which I must point out, doesn't fail very often. Of passing interest is the fact that he was a Frenchman. That depiction of a German mfgr employing a frenchman in the UK precisely describes the beauty of the EU as much as the Englishman running one of the larger and more successful Companies in Chamonix guiding climbers up the Mt. Blanc Where I live in France, there is no evidence of German Domination. My town is no more over-run by Germans as it is by Dutch, Belgians, Brits, or increasingly visitors fro Poland, or Czech Rep. They are welcome for the custom they bring. Today's Germans are reluctant to wield power. They are extra-senstive about appearances (for reasons of their parents and grandparents mistakes). The idea of willful German Dominance is an antiquated, zero-sum view of politics and economics that persists, but doesn't reflect objective reality

"Cassandra" said...

3. I agree with your intellectual preference for Proportional Representation over First-Past-The-Post voting. However, I am specifically against the Party-List version of PR which hands almost all of the real power of MEP choice to a few Party activists. Consequently I have no idea who my MEPs are without Googling this, because I never had to engage with his or her choice in the first place - nor does it seem to matter in any practical way.

I completely understand why you prefer localized FPTP democracy. It is immediate and the voters FEEL closer to the representatives. This is personal preference, and the question must be asked: what form yields superior outcomes? I do not have the answer, but might suggest that a hybrid requiring rotation might be a solution. But holding different opinions on subtle differences in the type of democracy implemented doesn't mean either is more or less democratic which is the crux of criticism leveled at the EU.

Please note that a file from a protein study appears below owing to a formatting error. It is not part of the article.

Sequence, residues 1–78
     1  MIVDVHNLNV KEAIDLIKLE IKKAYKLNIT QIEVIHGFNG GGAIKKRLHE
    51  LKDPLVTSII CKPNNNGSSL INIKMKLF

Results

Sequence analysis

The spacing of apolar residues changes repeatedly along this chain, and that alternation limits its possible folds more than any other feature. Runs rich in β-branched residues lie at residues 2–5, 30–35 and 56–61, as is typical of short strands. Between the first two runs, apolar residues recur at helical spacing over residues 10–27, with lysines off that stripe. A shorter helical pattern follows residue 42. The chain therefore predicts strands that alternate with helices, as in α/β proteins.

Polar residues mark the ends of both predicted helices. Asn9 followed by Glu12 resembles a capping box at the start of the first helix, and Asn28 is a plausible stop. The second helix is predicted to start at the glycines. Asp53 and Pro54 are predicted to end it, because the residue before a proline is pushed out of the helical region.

I believe there is a strong mismatch in the vitriol leveled at the EU by detractors relative to the impacts upon people's daily lives. The EU remains, for the most part bifurcated in focus between a technical set of rules governing the single market and sets of rules defining and refining obligations amongst states and rights of citizens. These are by definition remote. Not unimportant, just remote from daily grind. Variations in the type democracy, provided it IS democratic and transparent is rather like splitting hairs over whether 3.57 Magnum is more effective than a 0.44 Smith & Wesson. There is much that could be done to improve the perception and reality of people's relationship and understanding of the EU since most in the UK, however outrageous their opinions, know next to nothing outside what they read in the Express, Daily Mail or Sun. I think all schools should organize for students to visit Brussels or Strasbourg at least once. I think modern history and civics are far more important than medieval history. And the UK media needs to stop the assassination of and disinformation campaign on the EU. Most importantly, since the ends justify the means, and it meets the democratic criteria, work with, improve it, make it better.

"Cassandra" said...

4. Given that you seem to agree that Britain is an overcrowded Land (especially the South East) with a lot of shabby and creaking infrastructure that is ill-placed to absorb a continuing high flow of immigrants, I would maintain that good sense should have prevailed in the EU in favour of Cameron's pleas for help with this obviously serious national problem. Then he could have easily won the Brexit referendum vote.

To be clear, I didn't say that Britain is overcrowded. I said that while it IS crowded – certainly more crowded than other member states ex-Malta - AND that few continentals appreciate the impact of this AND this has been made worse by prolonged insufficiency of public investment. The drought in public investment pre-dates EU immigration, and were rooted in Thatcher austerity and privatization. Here, it seems, you are blaming the EU for not making further concessions for UK's on willful policy neglect. This has been a pet peeve of mine as a detached observer of this country: Brexit is the scapegoat, projecting the anger of the people at being squeezed between stagnant real wages and rising costs from privatization of natural monopolies, pecuniary regressive taxes, and soaring asset prices that makes Housing the major expense component of life, widen with vaulting inequality.